Chalk up one more benefit for statins, the cholesterol-lowering drugs that appear to have a variety of other actions in the body as well. The latest finding is that the drugs can reduce emergency room visits and hospitalizations in asthma patients by a third, apparently by reducing the inflammation that triggers spasms in the breathing passages.
Asthma, which affects as many as 20 million Americans, is caused by inflammation and swelling of the airways and constriction of the muscles of the bronchial passages. It is normally controlled with inhaled corticosteroids, but more severe cases may also require short-acting beta-agonists or rescue medicines, such as Albuterol and Proventil; long-acting beta-agonists, such as Serevent, whose actions can persist for 12 hours or longer; and leukotriene modifiers, such as Singulair, which suppress attacks but don't help once they have begun.
Despite such therapies, there are about half a million hospitalizations and 217,000 emergency room visits for asthma each year, with total hospital costs of about $4.7 billion, accordng to Medco Health Solutions Inc., which provides prescription services for many health insurers.
Statins have long been known to reduce inflammation in addition to their cholesterol-lowering properties. A recent major study showed that the drugs could reduce the risk of heart attack and stroke in people with normal cholesterol levels by reducing levels of C-reactive protein, an inflammation marker that is linked to heart problems.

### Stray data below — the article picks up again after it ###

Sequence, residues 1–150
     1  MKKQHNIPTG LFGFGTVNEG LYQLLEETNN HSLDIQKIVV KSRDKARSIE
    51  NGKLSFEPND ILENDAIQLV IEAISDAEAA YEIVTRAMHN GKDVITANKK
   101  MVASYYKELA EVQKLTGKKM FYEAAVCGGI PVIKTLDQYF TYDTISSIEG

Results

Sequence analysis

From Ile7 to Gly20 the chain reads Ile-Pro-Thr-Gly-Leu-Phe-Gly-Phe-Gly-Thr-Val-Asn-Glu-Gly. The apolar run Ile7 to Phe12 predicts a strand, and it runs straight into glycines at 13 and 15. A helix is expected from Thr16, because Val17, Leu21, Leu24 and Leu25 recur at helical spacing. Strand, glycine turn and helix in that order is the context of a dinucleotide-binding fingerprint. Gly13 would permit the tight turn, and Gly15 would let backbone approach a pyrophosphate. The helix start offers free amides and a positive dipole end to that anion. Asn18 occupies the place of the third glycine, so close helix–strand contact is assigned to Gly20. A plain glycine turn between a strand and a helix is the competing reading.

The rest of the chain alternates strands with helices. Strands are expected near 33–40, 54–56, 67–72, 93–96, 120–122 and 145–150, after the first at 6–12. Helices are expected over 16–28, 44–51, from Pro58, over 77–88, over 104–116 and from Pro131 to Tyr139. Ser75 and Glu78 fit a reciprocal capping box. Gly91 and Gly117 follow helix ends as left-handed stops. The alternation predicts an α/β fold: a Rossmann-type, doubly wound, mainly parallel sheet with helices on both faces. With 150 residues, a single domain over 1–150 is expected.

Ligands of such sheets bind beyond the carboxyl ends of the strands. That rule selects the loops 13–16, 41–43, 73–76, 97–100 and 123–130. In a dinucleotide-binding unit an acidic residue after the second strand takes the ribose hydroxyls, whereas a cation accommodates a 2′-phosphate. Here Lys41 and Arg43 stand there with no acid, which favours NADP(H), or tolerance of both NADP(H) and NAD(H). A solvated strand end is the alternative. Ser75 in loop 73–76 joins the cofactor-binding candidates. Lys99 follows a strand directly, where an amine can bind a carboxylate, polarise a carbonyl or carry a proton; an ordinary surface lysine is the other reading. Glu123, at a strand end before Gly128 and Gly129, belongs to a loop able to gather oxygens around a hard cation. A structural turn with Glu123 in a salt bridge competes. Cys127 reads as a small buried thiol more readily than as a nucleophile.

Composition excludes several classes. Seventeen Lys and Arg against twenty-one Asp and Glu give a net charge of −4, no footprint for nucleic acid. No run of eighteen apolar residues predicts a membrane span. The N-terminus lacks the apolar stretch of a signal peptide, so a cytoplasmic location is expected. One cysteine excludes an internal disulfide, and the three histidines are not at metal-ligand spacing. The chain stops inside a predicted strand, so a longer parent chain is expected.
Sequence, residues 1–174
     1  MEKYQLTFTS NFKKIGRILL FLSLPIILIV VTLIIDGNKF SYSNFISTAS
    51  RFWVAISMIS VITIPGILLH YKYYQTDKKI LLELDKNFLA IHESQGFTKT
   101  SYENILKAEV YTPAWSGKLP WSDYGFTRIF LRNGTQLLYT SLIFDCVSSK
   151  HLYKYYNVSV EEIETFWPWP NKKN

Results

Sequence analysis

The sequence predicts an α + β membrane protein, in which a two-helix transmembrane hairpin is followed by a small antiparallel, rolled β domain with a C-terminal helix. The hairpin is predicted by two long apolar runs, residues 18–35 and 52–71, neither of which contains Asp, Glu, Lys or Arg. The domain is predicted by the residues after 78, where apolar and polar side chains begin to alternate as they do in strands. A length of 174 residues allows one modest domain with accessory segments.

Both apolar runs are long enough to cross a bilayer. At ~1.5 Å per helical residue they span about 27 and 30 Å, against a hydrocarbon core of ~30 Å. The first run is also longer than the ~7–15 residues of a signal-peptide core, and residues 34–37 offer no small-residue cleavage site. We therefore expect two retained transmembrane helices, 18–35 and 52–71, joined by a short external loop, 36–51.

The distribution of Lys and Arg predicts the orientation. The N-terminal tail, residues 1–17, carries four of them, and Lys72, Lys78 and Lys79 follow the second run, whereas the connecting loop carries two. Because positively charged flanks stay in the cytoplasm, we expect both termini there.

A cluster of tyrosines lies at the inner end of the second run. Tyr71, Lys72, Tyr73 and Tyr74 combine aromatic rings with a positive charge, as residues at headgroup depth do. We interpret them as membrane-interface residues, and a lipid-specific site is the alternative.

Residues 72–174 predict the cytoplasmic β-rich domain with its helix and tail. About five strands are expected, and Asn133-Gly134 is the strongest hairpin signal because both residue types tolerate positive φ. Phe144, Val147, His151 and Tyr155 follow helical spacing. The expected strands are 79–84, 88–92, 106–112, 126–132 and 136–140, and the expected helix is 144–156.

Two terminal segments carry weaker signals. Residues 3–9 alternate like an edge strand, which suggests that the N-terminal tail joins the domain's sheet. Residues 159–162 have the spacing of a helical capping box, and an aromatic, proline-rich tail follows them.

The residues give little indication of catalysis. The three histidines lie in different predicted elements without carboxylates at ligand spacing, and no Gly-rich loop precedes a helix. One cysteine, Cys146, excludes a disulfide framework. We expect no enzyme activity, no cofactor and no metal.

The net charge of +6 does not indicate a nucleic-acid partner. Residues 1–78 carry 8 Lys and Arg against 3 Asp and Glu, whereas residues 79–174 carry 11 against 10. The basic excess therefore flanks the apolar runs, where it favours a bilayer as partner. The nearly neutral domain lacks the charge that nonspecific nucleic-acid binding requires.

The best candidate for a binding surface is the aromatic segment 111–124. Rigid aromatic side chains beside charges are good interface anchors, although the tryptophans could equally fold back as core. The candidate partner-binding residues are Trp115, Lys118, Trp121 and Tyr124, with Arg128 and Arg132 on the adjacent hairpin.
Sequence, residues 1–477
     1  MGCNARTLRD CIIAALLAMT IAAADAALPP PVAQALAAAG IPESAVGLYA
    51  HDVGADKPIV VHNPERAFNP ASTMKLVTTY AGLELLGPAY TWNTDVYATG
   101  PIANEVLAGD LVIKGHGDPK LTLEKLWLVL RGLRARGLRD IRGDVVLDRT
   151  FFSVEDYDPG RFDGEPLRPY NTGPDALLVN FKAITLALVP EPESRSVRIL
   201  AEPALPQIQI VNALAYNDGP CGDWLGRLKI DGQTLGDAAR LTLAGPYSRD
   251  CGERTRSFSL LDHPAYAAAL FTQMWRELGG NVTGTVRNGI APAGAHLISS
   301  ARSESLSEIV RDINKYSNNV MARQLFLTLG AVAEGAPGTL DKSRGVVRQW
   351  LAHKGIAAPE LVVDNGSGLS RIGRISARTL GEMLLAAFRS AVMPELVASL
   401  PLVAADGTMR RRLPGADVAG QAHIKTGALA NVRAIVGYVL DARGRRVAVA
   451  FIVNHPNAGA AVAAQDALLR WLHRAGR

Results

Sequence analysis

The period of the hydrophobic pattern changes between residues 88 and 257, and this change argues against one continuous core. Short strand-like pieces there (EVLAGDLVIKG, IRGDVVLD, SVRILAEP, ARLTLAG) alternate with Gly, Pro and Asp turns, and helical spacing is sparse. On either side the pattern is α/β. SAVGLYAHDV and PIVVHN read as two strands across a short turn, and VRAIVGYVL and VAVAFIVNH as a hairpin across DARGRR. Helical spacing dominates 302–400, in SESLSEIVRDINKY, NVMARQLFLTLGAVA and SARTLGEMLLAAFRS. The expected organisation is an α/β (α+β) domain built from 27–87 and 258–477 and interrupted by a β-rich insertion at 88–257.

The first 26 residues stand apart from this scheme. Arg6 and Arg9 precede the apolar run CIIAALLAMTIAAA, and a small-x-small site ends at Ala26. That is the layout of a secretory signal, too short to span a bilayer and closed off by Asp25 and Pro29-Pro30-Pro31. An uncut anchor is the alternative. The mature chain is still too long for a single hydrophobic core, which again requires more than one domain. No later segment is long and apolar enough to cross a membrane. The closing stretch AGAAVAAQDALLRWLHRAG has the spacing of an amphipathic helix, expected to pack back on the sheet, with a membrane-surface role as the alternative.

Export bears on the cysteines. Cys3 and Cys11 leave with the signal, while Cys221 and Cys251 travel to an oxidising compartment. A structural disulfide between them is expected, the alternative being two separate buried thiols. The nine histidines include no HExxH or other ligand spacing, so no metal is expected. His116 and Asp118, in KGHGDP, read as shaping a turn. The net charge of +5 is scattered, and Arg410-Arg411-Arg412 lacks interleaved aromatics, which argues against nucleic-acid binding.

To explore a potential benefit in asthma, researchers from Medco and Brigham and Women's Hospital in Boston data-mined Medco's records on more than 12 million patients. They identified 6,574 patients who received their first prescription for an inahled corticosteroid in 2006, then monitored their progress for 12 months. All the patients were over 18, with an average age of 61.
Pharmacologist Eric Stanek of Medco reported Saturday at a Washington meeting of the American Academy of Allergy Asthma and Immunology that 29.4% of patients receiving only asthma drugs were hospitalized or had an ER visit during the 12 months of the study, compared with 20.5% of those taking asthma medications plus statins prescribed for other indications. Age, gender and the identity of the asthma medications did not change the findings, he said.
The study was funded by Medco, which is seeking ways to reduce healthcare costs, such as by reducing hsopitalizations. Until the study is replicated, physicians should not prescribe the drugs directly for asthma, said Dr. Robert Epstein, Medco's chief medical officer. But if patients have another medical condition for which statins are appropriate, it couldn't hurt.
-- Thomas H. Maugh II